Duplicate Dilemma posted on May 18th, 2020
The Duplicate Dilemma
By Dave Tyler
As a Program Director we all have a lot of responsibilities. If scheduling music was the only thing you had to do then you would know every part of the program and be able to spend extensive amounts of time fine tuning every aspect and function in MusicMaster. The reality of it is you have a stack of production to cut, remotes to get scheduled or do, an air shift that isn’t going to do itself and a GM waiting on your next promotion to sell. You are busy. In the hustle of it all mistakes happen or polishing the sound ends up waiting until next time. One common issue that can get away from you is duplicates in your database. Having duplicates can cause all kinds of frustration long term including inaccurate histories.
Did you know that when you add a new item to your MusicMaster database, whether a liner or a song, that MusicMaster assigns it a “Song ID”? This is an “under the hood” number given to an item so MusicMaster can track it in your data. If you have two copies of the song, they will have different Song IDs. You’ll see how that can come into play with these examples.
I know some PD/MDs initially add songs, either manually or via Nexus, to a “New” category as a holding area before moving to the appropriate category for scheduling. I recently ran into a couple who would then make a copy of the song and move that copy to the category for scheduling. That’s two different Song IDs with the one in the “New” category having the lower number since it was added first. The thinking was that this allows the song to schedule while in their “New” category they maintain their entire library in one place. Sounds reasonable and in the end is fine if song play history is not important to you. These Programmers recently started reconciling their logs and found a problem: songs they know played because they were in their Powers were not showing any plays when they would open their History Graph. What went wrong?
Since they are playing a copy, all the histories are assigned to the original song, the one with the lowest Song ID. The good news? The play histories are there. The bad news? It’s on the wrong copy of the song. This was the case with one Programmer. The other was reporting that after reconciling they were looking at their logs in MusicMaster and seeing plays of the right song but from the wrong category. As a matter of fact, it was a category that wasn’t even scheduled. Somehow that song was playing in a specialty show every week even though Minimum Rest was set at over a month!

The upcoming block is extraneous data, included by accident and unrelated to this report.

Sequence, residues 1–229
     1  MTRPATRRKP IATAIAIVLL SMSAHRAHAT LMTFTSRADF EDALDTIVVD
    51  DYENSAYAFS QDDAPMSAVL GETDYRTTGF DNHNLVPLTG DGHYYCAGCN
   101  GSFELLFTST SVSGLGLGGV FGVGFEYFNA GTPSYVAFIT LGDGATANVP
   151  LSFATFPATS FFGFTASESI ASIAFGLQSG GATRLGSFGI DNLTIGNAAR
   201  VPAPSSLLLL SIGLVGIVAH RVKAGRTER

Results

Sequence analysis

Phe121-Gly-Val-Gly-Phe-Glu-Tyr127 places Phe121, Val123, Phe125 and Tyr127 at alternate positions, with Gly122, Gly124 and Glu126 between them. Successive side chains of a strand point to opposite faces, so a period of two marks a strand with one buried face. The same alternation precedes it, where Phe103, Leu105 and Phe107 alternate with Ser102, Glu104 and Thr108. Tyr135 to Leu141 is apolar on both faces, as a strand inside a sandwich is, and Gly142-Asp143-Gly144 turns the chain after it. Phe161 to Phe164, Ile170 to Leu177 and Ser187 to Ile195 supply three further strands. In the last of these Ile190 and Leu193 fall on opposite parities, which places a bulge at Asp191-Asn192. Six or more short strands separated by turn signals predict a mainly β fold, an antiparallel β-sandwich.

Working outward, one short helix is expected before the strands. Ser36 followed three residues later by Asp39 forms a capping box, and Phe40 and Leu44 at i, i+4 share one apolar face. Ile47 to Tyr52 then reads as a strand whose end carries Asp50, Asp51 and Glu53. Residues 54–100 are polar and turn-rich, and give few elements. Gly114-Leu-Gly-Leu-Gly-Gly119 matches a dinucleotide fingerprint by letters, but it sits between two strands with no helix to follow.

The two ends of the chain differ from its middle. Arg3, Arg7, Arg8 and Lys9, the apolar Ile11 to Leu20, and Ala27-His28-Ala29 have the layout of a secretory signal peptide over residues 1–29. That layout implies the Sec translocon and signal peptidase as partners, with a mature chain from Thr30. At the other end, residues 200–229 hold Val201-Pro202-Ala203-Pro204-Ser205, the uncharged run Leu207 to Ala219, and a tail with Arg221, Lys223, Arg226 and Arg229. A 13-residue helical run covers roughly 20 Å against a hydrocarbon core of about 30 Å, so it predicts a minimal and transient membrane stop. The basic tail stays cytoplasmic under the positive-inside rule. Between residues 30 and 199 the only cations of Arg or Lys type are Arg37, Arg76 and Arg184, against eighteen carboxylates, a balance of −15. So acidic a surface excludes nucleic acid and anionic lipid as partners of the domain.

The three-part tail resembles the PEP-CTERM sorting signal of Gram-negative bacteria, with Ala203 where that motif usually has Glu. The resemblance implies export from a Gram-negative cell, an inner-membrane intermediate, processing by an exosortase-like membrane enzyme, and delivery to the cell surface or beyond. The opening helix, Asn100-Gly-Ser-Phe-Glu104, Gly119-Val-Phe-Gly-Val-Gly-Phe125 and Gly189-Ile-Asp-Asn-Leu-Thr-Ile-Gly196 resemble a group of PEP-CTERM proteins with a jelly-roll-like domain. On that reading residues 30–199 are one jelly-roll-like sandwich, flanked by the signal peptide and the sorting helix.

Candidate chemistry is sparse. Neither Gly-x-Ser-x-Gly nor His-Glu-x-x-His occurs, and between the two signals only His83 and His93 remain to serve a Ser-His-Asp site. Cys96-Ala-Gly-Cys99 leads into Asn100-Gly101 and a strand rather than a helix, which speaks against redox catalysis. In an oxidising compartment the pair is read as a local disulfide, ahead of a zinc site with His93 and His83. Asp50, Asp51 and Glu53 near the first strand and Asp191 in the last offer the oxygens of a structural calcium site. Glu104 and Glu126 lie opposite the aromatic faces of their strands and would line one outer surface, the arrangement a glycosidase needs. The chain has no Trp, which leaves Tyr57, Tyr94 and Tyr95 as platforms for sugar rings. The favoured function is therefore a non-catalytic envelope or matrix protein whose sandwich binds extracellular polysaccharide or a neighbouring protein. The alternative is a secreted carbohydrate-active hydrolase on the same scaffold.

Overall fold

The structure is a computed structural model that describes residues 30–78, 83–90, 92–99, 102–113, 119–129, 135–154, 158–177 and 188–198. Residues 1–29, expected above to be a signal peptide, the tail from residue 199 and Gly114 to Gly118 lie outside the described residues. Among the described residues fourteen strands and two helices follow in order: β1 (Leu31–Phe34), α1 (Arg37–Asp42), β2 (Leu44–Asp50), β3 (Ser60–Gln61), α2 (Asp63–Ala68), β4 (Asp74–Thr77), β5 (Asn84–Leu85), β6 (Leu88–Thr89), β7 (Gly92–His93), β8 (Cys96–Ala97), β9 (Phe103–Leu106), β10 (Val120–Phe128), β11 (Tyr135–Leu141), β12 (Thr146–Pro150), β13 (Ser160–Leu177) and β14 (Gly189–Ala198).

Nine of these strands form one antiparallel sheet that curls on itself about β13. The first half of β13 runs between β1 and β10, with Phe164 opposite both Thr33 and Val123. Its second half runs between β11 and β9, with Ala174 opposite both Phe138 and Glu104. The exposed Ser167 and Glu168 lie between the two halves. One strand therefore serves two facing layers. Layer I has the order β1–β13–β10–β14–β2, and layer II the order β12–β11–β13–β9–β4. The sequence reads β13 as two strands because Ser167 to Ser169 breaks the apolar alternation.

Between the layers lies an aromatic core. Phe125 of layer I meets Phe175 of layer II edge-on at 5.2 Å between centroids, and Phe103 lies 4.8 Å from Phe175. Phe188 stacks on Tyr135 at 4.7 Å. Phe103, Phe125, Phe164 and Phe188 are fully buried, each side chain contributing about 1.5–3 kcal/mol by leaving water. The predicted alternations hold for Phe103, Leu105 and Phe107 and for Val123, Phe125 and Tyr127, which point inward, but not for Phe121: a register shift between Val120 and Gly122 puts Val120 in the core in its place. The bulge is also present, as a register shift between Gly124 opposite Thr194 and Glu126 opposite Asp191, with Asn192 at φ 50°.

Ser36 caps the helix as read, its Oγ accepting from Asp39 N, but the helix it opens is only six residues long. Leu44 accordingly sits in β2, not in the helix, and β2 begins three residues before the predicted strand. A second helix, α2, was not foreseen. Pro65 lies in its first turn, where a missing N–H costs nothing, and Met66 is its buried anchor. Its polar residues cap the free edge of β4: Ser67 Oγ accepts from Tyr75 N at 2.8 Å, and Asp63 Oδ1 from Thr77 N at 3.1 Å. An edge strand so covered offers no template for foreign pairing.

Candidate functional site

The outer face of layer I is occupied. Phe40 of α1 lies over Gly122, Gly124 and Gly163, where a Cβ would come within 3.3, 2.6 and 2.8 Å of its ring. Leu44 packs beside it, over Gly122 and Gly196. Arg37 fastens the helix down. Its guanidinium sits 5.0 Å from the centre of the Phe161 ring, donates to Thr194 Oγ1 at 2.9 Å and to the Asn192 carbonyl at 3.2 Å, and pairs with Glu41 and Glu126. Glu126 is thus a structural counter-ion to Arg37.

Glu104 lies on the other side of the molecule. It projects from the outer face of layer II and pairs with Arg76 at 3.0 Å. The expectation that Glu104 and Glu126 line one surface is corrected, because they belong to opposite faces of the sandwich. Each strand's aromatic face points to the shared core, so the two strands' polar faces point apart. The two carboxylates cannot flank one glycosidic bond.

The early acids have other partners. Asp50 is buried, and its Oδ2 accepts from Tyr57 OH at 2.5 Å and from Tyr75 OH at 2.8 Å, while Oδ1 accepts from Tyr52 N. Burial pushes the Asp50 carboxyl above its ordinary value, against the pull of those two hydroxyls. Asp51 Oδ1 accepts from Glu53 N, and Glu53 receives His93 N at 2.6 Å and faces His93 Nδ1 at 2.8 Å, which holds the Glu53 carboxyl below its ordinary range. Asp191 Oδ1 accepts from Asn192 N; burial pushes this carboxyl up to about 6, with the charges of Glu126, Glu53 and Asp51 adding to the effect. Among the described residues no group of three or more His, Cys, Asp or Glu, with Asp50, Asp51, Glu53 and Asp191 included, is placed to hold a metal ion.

These are different examples all from the same problem. This PD had made a copy of a song he had in a “Hold” category and placed in it an “Acoustic” category that is only scheduled for an hour once a week. The lowest SongID was reconciled. In this case, that was the version in the “Hold” category.
There are a few ways you can address this. You could move the original song into the active category and delete the copy, you could link histories or even adjust your reconciliation.def to not look in specific categories.
If you’d like to link the histories, you’ll need an unused Keyword-Single field. You can go to Library, Fields to see if you have one or create one there if needed. Now that you have this new field, you can use it to “link” multiple copies together. Much like you put the same Artist Keyword on songs by the same artist, you’ll put a common keyword on the songs you wish to link.
Here’s an example where we’ve put a link on an Aerosmith song. Note that the History Link field has the same thing on both songs. These songs are in two different categories. They are now linked and you can see this by using the history graph and dropdown to show the “History Link” graph. This now combines all the plays of both instances into one graph.
Learn more about history linking with our video on history linking
Having accurate histories is extremely important. You know it gives you the rotations you want but remember it also ensures any governmental Special History Reports you submit are correct. If you’ve run into this issue and need help addressing it, do not hesitate to contact your Music Scheduling Consultant.